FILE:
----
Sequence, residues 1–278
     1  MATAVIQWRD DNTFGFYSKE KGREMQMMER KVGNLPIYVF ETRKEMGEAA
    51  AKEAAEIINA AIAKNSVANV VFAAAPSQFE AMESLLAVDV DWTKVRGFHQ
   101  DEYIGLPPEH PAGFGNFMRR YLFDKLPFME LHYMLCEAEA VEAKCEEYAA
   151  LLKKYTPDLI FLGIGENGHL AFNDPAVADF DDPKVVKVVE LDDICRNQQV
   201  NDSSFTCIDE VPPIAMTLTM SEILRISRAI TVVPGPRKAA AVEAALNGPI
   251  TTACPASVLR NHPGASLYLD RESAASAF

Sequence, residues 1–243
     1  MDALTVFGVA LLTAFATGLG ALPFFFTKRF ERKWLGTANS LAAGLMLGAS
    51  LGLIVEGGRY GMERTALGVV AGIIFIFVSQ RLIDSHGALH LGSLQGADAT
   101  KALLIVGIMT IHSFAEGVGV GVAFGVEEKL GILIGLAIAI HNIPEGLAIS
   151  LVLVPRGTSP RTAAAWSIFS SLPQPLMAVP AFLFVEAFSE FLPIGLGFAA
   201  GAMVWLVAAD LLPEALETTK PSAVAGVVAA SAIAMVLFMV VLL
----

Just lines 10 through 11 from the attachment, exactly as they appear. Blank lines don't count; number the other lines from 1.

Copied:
    51  LGLIVEGGRY GMERTALGVV AGIIFIFVSQ RLIDSHGALH LGSLQGADAT
   101  KALLIVGIMT IHSFAEGVGV GVAFGVEEKL GILIGLAIAI HNIPEGLAIS